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Mining boom sparks IT jobs rush

Jobs fire up for wireless mines on land, massive LANs on offshore rigs

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The smart choice: opportunity from uncertainty

Australia’s mining and resources boom is driving demand for IT workers, as new, lucrative tenders see vendors and miners alike start work on new projects.

Kordia Solutions Australia snared a flagship coal seam gas tender this week with the AUD$90 million communications services contract from Australia Pacific LNG (APLNG), after a lengthy competitive tender process.

According to Kordia Australia MD Peter Robson, the regional Queensland resources project, one of the largest ever undertaken in Australia, will create an initial 100 new jobs across a raft of roles including engineers, sub-contractors, field staff and technicians.

The contract significantly bolsters the local Kordia operations which has around 900 staff currently.

The tender calls for Kordia to supply communications and controls infrastructure across a 100,000 square km area and service the extensive communications needs for the life of the project.

The end to end telecommunications solution will incorporate network design, engineering, procurement and construction for both fixed and wireless services.

Robson told The Register that mining and resource sector was becoming an “increasingly communications intense environment because of the operational efficiencies that arise from increased use of technology and automation.”

Despite recent reports suggesting a wind down in infrastructure spend, Robson said the opportunities in the resources sector and traditional telco land, particularly for wireless, are very strong. “We think that the opportunity will be increasing not decreasing. This is the biggest end to end (resources) win for us we intend to win other opportunities like this.” Kordia is currently bidding for several similar tenders in the energy and resources sector which has become a hotly contested vendor pocket.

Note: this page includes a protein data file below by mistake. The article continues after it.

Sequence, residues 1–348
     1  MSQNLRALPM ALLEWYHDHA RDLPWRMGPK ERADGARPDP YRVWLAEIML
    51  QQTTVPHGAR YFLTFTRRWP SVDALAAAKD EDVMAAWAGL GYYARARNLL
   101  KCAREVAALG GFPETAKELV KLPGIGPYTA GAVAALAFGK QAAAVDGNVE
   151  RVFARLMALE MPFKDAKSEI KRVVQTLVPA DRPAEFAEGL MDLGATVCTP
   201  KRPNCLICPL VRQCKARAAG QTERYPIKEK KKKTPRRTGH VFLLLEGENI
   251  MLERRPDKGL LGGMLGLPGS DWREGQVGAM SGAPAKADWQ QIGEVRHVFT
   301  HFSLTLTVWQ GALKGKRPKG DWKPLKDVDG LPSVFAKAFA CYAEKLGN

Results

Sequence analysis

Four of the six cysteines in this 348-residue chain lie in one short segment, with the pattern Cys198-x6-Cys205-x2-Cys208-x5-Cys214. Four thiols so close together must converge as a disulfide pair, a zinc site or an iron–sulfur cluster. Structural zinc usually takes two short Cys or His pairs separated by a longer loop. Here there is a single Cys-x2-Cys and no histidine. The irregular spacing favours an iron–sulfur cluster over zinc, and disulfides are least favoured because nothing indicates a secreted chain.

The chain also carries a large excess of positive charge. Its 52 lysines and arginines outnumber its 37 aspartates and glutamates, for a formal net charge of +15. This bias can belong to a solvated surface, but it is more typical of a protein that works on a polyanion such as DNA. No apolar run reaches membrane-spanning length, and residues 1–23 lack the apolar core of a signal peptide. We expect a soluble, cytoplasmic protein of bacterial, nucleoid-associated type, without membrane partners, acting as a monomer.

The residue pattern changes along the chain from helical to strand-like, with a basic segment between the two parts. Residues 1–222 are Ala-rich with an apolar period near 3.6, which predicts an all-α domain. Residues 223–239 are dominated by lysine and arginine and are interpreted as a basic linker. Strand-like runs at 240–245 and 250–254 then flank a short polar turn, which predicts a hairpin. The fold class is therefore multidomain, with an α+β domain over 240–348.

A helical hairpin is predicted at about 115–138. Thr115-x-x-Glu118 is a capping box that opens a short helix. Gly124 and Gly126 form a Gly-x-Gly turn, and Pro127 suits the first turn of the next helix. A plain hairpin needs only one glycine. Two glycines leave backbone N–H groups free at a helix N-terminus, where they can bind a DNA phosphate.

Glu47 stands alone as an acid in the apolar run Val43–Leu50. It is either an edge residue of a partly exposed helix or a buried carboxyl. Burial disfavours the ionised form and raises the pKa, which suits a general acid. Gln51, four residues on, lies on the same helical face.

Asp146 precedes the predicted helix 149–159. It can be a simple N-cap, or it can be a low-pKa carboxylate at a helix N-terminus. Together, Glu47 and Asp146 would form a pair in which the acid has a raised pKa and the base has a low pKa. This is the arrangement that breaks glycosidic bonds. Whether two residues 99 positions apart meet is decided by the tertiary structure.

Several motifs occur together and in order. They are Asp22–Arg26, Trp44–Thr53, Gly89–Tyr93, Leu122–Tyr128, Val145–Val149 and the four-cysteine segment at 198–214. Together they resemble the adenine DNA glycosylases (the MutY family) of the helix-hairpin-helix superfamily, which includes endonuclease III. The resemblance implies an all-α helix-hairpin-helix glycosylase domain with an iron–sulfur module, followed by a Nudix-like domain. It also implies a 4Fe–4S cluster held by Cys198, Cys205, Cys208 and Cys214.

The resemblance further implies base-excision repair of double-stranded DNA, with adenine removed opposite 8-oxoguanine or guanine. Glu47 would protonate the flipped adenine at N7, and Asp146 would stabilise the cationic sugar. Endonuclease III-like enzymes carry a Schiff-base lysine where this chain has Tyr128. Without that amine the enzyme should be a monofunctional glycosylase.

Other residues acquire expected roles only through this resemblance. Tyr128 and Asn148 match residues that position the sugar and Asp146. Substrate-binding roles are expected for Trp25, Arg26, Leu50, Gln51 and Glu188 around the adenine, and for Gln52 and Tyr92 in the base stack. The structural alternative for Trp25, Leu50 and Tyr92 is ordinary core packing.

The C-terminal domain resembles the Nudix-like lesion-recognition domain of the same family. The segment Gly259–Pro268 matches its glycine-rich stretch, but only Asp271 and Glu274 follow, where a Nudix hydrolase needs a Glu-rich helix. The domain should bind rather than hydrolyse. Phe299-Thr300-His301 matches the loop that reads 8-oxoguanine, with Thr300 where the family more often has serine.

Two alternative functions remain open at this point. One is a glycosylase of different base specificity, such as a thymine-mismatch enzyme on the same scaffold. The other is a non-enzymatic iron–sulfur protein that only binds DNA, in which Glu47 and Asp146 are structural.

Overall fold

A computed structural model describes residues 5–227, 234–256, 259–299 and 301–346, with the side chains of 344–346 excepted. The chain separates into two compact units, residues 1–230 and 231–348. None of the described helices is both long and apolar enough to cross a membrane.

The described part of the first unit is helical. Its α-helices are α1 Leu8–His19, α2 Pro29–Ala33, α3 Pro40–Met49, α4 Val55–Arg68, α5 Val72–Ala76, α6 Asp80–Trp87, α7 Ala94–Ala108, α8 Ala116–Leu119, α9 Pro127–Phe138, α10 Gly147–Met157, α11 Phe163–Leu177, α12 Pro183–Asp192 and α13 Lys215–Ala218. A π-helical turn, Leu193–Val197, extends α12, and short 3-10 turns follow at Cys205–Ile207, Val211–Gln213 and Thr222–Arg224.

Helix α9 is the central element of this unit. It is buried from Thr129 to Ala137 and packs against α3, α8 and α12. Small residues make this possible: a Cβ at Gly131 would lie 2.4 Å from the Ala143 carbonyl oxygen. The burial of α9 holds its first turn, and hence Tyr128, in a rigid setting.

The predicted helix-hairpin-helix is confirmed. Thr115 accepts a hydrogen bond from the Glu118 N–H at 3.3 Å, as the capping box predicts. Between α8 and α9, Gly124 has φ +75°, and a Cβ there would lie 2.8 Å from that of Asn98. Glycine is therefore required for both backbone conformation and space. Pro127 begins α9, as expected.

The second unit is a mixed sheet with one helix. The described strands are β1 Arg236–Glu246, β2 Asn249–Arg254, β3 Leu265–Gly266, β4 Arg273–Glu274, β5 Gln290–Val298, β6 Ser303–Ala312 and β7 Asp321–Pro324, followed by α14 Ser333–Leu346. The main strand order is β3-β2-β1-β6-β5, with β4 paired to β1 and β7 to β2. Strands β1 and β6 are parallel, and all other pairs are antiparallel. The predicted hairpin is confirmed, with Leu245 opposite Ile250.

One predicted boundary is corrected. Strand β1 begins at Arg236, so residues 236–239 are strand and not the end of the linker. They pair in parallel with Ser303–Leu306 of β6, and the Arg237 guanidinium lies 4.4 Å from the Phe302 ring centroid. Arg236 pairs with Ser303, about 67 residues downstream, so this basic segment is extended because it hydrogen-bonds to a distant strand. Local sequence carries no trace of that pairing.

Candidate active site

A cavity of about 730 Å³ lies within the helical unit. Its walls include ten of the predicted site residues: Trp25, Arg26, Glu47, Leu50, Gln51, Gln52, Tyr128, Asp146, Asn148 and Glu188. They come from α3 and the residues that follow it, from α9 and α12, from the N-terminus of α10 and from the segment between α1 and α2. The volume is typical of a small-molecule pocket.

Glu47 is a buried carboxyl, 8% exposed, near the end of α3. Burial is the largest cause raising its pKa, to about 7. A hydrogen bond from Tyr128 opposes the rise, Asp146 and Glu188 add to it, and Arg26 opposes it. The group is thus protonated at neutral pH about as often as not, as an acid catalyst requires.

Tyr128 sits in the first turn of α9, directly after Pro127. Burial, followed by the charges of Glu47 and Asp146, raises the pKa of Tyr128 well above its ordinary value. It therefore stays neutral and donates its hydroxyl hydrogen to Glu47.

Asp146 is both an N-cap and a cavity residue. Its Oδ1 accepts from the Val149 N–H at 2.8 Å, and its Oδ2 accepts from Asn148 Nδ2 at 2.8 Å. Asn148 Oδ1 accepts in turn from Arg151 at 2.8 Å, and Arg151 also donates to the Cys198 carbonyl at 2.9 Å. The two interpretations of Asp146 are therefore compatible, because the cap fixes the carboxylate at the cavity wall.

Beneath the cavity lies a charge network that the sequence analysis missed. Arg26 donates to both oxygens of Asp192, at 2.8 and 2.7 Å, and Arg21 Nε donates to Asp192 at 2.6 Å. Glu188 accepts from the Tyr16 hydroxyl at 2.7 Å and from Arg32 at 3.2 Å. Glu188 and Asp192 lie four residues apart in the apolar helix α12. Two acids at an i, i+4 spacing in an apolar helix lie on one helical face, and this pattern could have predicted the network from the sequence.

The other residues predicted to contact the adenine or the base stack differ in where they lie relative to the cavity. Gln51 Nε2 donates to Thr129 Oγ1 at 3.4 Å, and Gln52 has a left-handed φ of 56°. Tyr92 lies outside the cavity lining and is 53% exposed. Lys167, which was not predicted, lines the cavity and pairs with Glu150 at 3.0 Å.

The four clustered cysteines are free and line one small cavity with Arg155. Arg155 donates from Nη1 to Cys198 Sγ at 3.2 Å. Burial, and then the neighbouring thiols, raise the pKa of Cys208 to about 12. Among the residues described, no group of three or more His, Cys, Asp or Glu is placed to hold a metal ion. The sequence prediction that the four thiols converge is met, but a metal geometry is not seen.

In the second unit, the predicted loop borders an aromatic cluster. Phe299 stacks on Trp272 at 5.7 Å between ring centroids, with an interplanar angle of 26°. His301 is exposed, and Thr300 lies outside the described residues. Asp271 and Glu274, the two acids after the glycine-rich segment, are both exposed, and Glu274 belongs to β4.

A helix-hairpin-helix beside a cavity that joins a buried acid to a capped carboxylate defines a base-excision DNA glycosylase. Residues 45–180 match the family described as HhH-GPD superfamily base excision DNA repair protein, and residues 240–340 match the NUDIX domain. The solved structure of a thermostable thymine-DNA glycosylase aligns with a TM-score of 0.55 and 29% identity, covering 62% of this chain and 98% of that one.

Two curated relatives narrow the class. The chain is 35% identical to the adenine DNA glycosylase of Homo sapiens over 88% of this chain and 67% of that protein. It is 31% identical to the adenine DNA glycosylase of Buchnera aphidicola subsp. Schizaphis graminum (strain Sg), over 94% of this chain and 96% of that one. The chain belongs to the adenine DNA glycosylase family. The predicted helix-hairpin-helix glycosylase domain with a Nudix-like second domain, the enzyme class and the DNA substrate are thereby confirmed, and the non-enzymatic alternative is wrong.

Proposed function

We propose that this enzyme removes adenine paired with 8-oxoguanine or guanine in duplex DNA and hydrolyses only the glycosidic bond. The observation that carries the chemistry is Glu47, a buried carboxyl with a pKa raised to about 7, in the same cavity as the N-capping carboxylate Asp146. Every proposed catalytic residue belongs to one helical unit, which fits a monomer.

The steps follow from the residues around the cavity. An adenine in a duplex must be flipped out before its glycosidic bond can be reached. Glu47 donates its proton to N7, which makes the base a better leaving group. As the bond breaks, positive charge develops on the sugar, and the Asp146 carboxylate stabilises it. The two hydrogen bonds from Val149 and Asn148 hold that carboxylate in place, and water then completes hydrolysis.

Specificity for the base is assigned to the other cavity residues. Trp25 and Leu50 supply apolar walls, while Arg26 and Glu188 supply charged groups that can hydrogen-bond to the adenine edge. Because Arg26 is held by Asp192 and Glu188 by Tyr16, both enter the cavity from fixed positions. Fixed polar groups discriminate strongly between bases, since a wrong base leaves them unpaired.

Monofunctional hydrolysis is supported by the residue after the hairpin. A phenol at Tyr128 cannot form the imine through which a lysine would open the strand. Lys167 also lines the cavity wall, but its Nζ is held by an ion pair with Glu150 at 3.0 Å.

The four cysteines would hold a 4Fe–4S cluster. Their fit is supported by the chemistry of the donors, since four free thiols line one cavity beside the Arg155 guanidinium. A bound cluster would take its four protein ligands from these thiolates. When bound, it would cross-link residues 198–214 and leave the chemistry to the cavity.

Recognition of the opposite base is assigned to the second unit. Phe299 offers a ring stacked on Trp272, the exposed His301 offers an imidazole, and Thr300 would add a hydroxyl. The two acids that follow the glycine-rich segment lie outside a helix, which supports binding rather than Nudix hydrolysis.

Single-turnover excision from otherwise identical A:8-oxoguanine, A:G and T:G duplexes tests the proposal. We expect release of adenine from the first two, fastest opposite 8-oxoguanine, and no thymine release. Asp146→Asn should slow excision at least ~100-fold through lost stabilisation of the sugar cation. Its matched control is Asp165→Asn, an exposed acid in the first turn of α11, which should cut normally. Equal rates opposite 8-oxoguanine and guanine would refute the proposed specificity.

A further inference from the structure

Robson said that the “Australian energy and natural resources sector is gearing towards increasing the levels of automation and efficiencies in their operations and communications provides and underpinning for that, particularly across wireless technologies.”

Vendors with telecommunications-centric expertise would continue to see sharp growth in this area, he forecast.

The Prelude floating liquefied natural gas processing facility

Last month, Alcatel-Lucent and the Technip Samsung Consortium (TSC) got the green light to provide an super charged communications system for Shell's epic Prelude 'floating liquefied natural gas' (FLNG) facility pictured at right, to be based 200 km off Western Australia.

Alcatel Lucent’s Vice President Oil & Gas business unit François Loubry told The Register that the mammoth project was an example of how the telco vendor is applying its core skills to address the needs for a number of industries. "The way we approach it here is that there is a boom and we have been supplying products to all these industries for a long time but as a solutions provider we can now offer more innovative and efficient solutions.”

The Prelude FLNG measures 488 meters long - from bow to stern - and is 74m wide. It is bigger than four football fields laid end-to-end, including end zones and when fully equipped and loaded, the Prelude FLNG will weigh around 600,000 tonnes while its tanks can hold the equivalent of 175 Olympic-sized swimming pools.

The platform will be constructed at Samsung Heavy Industries in South Korea where Alcatel Lucent begin an 18 month process of installation and complex testing of its gear.

The vendor is providing operations, safety and entertainment systems, trunk and marine radio communications, satellite services, air communications radar recorder (black box), beacons, local and wide area networks, VoIP, closed circuit TV, public address alarm systems, distress and safety systems, GPS, weather monitoring and search and rescue transponders. ®

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